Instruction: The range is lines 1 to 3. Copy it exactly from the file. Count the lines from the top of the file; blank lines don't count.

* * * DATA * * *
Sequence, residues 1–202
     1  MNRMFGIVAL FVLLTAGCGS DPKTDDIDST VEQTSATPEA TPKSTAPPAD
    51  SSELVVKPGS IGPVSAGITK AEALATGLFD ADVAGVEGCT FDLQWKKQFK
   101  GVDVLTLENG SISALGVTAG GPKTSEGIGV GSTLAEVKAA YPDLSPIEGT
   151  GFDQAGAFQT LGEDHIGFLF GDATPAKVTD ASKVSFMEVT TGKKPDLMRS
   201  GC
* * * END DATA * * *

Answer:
Sequence, residues 1–202
     1  MNRMFGIVAL FVLLTAGCGS DPKTDDIDST VEQTSATPEA TPKSTAPPAD
    51  SSELVVKPGS IGPVSAGITK AEALATGLFD ADVAGVEGCT FDLQWKKQFK